This release has many new edge features. These include:

- Comprehensive edge management, delivered as a service, to oversee and scale remote deployments with greater control and security functionality, encompassing zero-touch provisioning, system health visibility and more responsive vulnerability mitigations all from a single interface.

- Automatic container roll-back with Podman, RHEL's integrated container management technology. This automatically detects if a newly-updated container fails to start. In this case, it then rolls the container back to the previous working version.

- The new RHEL also includes an expanded set of RHEL Roles, These enable you to create specific system configurations automatically. So, for instance, if you need RHEL set up just for Postfix, high-availability clusters, firewall, Microsoft SQL Server, or a web console, you're covered.

- Besides roles, RHEL 9 makes it easier to build new images: You can build RHEL 8 and RHEL 9 images via a single build nod. It also includes better support for customized file systems (non-LVM mount points) and bare-metal deployments. 

- If you're building Universal Base Image (UBI) containers, You can create them not only with standard UBI images but with micro, minimal, and init images as well. You'll need a fully subscribed RHEL 9 container host to do this. This enables you to pull additional RPMs from the RHEL 9 repositories. 

- RHEL now uses cgroup2 containers by default: Podman, Red Hat's drop-in daemonless container engine replacement for Docker, uses signature and short-name (e.g., ubi8 instead of registry.access.redhat.com/ubi8/ubi) validation by default when pulling container images.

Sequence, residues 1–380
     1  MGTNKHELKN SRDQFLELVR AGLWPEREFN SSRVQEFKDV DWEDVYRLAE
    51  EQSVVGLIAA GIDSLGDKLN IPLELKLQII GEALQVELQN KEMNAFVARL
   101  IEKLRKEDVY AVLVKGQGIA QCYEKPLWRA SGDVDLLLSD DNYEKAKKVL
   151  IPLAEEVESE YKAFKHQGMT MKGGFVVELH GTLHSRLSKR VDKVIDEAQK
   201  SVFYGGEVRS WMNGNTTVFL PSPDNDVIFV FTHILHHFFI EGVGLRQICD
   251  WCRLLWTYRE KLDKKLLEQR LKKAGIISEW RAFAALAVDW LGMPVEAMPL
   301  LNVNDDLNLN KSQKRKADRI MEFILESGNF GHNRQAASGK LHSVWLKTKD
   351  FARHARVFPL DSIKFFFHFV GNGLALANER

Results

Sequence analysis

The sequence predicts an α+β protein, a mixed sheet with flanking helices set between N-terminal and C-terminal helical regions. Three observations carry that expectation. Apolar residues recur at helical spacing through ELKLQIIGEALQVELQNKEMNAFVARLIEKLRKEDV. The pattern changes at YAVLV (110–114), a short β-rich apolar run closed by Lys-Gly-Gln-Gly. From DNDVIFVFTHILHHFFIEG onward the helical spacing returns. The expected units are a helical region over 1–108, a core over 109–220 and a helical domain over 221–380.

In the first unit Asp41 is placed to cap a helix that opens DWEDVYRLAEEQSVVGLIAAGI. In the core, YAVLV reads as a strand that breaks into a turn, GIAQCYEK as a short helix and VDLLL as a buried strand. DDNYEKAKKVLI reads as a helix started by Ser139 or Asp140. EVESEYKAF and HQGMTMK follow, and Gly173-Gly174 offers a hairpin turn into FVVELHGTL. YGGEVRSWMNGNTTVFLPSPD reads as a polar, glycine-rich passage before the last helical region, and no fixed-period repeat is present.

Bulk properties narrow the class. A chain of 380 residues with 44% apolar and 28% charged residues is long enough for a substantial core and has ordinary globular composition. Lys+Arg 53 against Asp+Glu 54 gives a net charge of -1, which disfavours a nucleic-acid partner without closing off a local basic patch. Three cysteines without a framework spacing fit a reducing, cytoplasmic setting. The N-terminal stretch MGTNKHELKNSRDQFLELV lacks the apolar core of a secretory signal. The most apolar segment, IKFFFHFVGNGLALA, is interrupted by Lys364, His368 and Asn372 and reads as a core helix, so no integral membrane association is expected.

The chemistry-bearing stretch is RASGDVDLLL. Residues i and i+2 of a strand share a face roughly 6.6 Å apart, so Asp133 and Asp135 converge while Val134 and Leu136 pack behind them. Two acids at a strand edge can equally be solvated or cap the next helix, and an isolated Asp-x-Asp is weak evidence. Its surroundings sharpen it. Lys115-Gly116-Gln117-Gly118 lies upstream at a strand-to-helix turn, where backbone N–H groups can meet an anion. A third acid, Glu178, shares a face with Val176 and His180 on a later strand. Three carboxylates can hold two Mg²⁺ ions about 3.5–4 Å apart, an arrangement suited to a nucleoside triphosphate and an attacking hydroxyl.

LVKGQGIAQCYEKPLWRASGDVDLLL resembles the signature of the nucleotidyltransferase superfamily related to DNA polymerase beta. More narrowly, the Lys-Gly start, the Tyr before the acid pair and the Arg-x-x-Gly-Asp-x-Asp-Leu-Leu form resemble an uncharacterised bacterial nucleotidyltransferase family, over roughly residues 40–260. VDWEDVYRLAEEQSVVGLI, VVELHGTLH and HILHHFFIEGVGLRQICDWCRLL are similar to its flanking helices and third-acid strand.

- And, of course, Red Hat being Red Hat, RHEL 9 Beta ships with GCC 11 and the latest versions of LLVM, Rust, and Go compilers. Looking ahead, Python 3.9 will also be RHEL 9's default version of Python.

Thinking of the console, the new RHEL also supports kernel live patching from the console. With this, you can apply patches across large, distributed system deployments without having to write a shell program. And, since it's live patching, your RHEL instances can keep running even as they're being patched.

Put it all together, and you get a solid business Linux for any purpose. Usually, we wait before moving from one major release to another. This time you may want to go ahead and jump to RHEL 9 sooner than later. 

More Information:







25 April 2022

Azure DDOS Security and DDOS Attack Prevention


Azure DDoS Protection | Distributed Denial of Service

Azure Security Center

Fundamental best practices

The following sections give prescriptive guidance to build DDoS-resilient services on Azure.

Design for security

Ensure that security is a priority throughout the entire lifecycle of an application, from design and implementation to deployment and operations. Applications can have bugs that allow a relatively low volume of requests to use an inordinate amount of resources, resulting in a service outage.

To help protect a service running on Microsoft Azure, you should have a good understanding of your application architecture and focus on the five pillars of software quality. You should know typical traffic volumes, the connectivity model between the application and other applications, and the service endpoints that are exposed to the public internet.

Ensuring that an application is resilient enough to handle a denial of service that's targeted at the application itself is most important. Security and privacy are built into the Azure platform, beginning with the Security Development Lifecycle (SDL). The SDL addresses security at every development phase and ensures that Azure is continually updated to make it even more secure.

Microsoft Security Virtual Training Day: Security, Compliance and Identity Fundamentals 1

Design for scalability

Scalability is how well a system can handle increased load. Design your applications to scale horizontally to meet the demand of an amplified load, specifically in the event of a DDoS attack. If your application depends on a single instance of a service, it creates a single point of failure. Provisioning multiple instances makes your system more resilient and more scalable.